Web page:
UK Economy Stalls After Fifteen Consecutive Years of Growth

26 August 2008

LONDON: For those who coin billions from South Sea bubbles spuming from shifting sands, the chickens have finally come home to roost. Thus in a welter of clichés died an era of phoney prosperity founded on ever-increasing UK national and consumer debt.

According to the Office for National Statistics, in the quarter ended June 30 the UK economy finally decelerated to standstill after fifteen consecutive years of growth – a South Sea bubble that amazed many by its longevity.

From the first quarter of 2008 the nation experienced zero GDP growth which, continued through Q2, officially marks the onset of recession.

The formal confirmation triggered a fall in the value of the pound sterling against both the dollar and the euro. It also raised hopes of a cut in interest rates by the Bank of England.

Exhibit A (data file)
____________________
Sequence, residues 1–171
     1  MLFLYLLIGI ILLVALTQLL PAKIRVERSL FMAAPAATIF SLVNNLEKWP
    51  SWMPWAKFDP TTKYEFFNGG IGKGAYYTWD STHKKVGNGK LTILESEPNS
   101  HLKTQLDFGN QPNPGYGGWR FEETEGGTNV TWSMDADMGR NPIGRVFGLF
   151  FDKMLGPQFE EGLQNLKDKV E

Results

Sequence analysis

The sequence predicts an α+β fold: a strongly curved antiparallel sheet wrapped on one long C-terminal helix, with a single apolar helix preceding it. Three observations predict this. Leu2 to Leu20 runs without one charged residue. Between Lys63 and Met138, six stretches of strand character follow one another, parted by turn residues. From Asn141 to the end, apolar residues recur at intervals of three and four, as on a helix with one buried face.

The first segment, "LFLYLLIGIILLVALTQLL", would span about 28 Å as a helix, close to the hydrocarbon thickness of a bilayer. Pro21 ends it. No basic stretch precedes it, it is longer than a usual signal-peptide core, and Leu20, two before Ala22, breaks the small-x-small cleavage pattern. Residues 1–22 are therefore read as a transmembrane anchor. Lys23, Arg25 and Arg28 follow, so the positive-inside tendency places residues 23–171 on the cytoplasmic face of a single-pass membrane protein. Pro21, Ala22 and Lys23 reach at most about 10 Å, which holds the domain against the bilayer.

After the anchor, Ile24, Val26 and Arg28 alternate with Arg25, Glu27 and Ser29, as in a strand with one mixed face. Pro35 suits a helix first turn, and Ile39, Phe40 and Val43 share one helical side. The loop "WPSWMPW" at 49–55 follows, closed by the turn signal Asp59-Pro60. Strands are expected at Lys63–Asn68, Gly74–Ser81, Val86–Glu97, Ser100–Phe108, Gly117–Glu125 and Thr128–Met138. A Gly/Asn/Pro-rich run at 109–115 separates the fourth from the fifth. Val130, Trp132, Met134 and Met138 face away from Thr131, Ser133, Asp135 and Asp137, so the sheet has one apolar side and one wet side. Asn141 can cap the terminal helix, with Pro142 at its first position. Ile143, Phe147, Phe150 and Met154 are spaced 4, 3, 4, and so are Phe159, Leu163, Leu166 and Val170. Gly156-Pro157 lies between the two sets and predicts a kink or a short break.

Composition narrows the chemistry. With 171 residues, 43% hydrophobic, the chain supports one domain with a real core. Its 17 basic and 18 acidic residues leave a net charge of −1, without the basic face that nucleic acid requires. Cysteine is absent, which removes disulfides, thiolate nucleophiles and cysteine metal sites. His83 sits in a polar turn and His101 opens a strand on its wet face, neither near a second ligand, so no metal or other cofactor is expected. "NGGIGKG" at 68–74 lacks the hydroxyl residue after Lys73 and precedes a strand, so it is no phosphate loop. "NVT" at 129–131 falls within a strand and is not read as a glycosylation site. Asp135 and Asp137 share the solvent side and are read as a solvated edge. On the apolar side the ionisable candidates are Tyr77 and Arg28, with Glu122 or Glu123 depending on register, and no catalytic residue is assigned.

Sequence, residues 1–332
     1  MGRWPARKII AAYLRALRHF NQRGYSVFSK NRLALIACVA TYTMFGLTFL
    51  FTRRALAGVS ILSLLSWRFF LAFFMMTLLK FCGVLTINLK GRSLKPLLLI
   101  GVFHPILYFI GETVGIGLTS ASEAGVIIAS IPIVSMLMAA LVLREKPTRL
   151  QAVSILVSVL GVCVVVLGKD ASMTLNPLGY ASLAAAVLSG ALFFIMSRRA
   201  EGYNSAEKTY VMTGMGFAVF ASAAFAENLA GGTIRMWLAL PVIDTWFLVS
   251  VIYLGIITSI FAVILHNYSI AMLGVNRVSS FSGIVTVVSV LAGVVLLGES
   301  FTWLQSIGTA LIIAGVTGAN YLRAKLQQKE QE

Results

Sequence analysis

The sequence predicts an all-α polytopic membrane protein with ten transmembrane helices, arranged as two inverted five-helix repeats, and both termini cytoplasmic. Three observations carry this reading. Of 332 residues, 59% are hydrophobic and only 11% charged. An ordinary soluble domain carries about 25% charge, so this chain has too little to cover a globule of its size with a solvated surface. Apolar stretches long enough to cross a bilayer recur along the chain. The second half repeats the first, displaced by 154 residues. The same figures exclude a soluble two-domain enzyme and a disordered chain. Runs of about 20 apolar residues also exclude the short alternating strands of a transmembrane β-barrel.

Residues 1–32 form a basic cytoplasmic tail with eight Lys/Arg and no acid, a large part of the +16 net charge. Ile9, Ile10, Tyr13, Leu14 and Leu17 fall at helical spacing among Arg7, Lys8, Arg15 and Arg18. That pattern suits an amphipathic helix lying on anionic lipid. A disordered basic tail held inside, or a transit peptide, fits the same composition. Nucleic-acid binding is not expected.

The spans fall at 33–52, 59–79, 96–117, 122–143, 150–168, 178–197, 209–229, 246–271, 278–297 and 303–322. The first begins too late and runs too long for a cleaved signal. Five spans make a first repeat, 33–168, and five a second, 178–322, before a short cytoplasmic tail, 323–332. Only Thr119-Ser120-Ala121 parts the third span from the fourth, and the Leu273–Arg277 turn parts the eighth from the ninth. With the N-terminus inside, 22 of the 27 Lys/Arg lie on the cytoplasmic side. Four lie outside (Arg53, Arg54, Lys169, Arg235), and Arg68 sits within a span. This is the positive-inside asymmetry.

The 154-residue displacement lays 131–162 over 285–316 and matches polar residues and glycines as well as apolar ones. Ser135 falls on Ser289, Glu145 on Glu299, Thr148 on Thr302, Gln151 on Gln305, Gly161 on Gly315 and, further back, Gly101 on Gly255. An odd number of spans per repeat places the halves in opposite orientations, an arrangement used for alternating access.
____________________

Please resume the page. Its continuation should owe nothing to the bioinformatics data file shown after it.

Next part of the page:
Blathered a Treasury official: "The Government's priority is to guide Britain through these challenging times, while also supporting those hit hardest as a result of these global factors."

Or in plain English: "It's not our fault!"

Opposing politicians (a majority of whom also connived at the fifteen-year scam) were ready with the pointed finger.

Accused Conservative 'shadow chancellor' George Osborne: "For years Gordon Brown boasted about consecutive quarters of economic growth. Now economic growth has ground to a halt and Brown's bubble has burst."

Meantime, a less partisan opinion from Société Générale Securities analyst Brian Hillard: "This really does put a rate cut firmly on the agenda although it is unlikely to come until we have seen the peak in inflation."

Data sourced from BBC Online (UK); additional content by WARC staff